Regular exposure to chemicals used in the making of plastic food containers and many cosmetics may have fueled roughly 56,600—or 10%—of preterm births that occurred in the U.S. in 2018, according to new research released Tuesday.
It’s been known for decades that phthalates—a group of chemicals that make plastics more durable—are endocrine disruptors, chemicals that block, mimic, or interfere with the body’s hormones. But a new study from researchers at NYU Grossman School of Medicine in New York City, published in The Lancet Planetary Health, found that exposure to such chemicals is also linked to an increased risk of lower birth weight and gestational age—and death—among newborns, in addition to lower academic performance, diabetes, and heart disease in childhood and beyond.
Phthalates can be found in “a broad swath” of consumer products, from personal care to food packaging, Dr. Leonardo Trasande, a professor of pediatrics and population health at NYL Langone Health, tells Fortune.
“We’ve gotten accustomed to phthalates being added in food packaging and the proverbial cucumber wrapped in plastic wrap, which I don’t understand,” he says.
Trasande and his team analyzed data from 5,000 pregnant women participating in the Environmental Influences on Childhood Health Outcomes (ECHO) program, led by the National Institutes of Health. They measured levels of 20 different metabolites—chemicals produced during digestion and other bodily processes—in urine samples three times during each woman’s pregnancy, and later looked for associations with preterm birth and other outcomes in the offspring.
Aside from concluding that at least 56,600 preterm births in the U.S. in 2018 were likely linked, at least in part, to phthalate exposure, they also calculated the economic cost of such births: $1.6 million for all babies born preterm potentially due to phthalates in 2018, and $8.1 billion over those children’s lifetimes combined.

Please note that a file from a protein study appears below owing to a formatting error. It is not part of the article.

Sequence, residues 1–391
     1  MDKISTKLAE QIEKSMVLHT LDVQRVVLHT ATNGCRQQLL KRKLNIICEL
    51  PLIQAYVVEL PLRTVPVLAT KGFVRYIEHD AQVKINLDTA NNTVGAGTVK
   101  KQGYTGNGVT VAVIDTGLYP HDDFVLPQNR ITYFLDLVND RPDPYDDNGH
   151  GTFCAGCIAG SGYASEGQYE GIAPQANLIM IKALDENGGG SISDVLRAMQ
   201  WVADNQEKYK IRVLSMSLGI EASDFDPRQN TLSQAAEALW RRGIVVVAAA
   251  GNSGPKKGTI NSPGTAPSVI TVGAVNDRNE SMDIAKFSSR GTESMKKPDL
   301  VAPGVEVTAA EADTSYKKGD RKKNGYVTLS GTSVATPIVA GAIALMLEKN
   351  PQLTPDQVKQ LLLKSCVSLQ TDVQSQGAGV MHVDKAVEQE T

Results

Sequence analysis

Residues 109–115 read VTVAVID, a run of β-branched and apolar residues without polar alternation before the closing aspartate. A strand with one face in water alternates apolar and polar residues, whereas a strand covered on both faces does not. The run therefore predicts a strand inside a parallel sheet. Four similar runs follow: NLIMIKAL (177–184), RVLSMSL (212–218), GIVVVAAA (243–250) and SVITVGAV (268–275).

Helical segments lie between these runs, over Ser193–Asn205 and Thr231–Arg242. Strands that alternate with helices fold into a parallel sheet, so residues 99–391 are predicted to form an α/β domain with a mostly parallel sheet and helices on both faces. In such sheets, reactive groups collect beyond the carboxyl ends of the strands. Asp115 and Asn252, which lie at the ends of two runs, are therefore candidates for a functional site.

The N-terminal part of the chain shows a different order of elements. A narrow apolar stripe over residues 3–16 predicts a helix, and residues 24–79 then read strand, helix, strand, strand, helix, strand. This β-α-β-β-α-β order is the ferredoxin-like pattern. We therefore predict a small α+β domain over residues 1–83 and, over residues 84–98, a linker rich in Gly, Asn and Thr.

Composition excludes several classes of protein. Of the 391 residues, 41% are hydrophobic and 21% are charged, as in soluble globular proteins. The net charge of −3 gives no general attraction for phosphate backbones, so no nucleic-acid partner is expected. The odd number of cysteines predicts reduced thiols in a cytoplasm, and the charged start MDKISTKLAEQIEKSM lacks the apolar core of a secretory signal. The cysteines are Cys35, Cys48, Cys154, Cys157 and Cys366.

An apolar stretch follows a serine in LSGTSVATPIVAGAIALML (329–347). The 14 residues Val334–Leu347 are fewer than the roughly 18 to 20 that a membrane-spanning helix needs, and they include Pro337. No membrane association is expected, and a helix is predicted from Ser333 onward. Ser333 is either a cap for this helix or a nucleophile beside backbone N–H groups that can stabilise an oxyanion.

While a number of studies have shown a link between phthalates and preterm birth, such studies only examined urine samples from women once during their pregnancies. Trasande says his team is the first to use a diverse, representative study population and measure metabolites multiple times during each pregnancy.
How to reduce your family’s phthalate exposure
“Our findings uncover the tremendous medical and financial burden of preterm births we believe are connected to phthalates, adding to the vast body of evidence that these chemicals present a serious danger to human health,” Trasande says. “There is a clear opportunity here to lessen these risks by either using safer plastic materials or by reducing the use of plastic altogether whenever possible.”
There’s a general sense that reducing one’s plastic footprint is a “crunchy, granola thing to do,” he says. But it’s not: It’s a matter of health and safety.
Pregnant women and anyone else concerned about their daily exposure to phthalates can do a few things to reduce their risk, according to Trasande, including:
- Use stainless steel and glass for food storage
- Not microwaving or dishwashing plastic
- Avoid plastics marked with the recycling numbers 3, 6, and 7
“We’re all living on a planet predicated on the notion that plastics are the future,” he said. “Frankly, plastics are the past.”